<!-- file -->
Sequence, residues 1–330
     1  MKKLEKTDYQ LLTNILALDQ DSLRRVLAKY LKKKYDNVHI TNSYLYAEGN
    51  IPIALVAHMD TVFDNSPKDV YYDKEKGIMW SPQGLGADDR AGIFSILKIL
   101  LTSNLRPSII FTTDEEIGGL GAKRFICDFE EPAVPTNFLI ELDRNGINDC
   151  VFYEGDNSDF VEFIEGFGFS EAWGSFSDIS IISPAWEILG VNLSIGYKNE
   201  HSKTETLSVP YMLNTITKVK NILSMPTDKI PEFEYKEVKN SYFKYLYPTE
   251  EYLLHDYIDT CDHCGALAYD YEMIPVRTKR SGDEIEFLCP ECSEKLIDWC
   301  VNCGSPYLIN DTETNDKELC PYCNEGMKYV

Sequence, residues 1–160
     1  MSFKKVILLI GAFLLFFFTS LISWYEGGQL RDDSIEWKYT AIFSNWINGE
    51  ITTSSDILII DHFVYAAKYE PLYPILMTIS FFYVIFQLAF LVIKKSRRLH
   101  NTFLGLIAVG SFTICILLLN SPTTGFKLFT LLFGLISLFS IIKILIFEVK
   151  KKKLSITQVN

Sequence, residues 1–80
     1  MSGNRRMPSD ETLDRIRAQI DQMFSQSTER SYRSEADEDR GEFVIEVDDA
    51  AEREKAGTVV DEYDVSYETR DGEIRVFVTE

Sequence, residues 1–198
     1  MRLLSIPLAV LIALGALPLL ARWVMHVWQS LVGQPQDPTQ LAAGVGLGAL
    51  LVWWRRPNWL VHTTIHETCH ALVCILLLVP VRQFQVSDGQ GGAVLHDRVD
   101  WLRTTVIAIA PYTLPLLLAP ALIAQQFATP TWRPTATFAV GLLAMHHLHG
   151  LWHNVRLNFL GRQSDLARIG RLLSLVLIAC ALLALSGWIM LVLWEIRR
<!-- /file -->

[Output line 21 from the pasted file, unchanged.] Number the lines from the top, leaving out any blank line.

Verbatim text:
   151  LWHNVRLNFL GRQSDLARIG RLLSLVLIAC ALLALSGWIM LVLWEIRR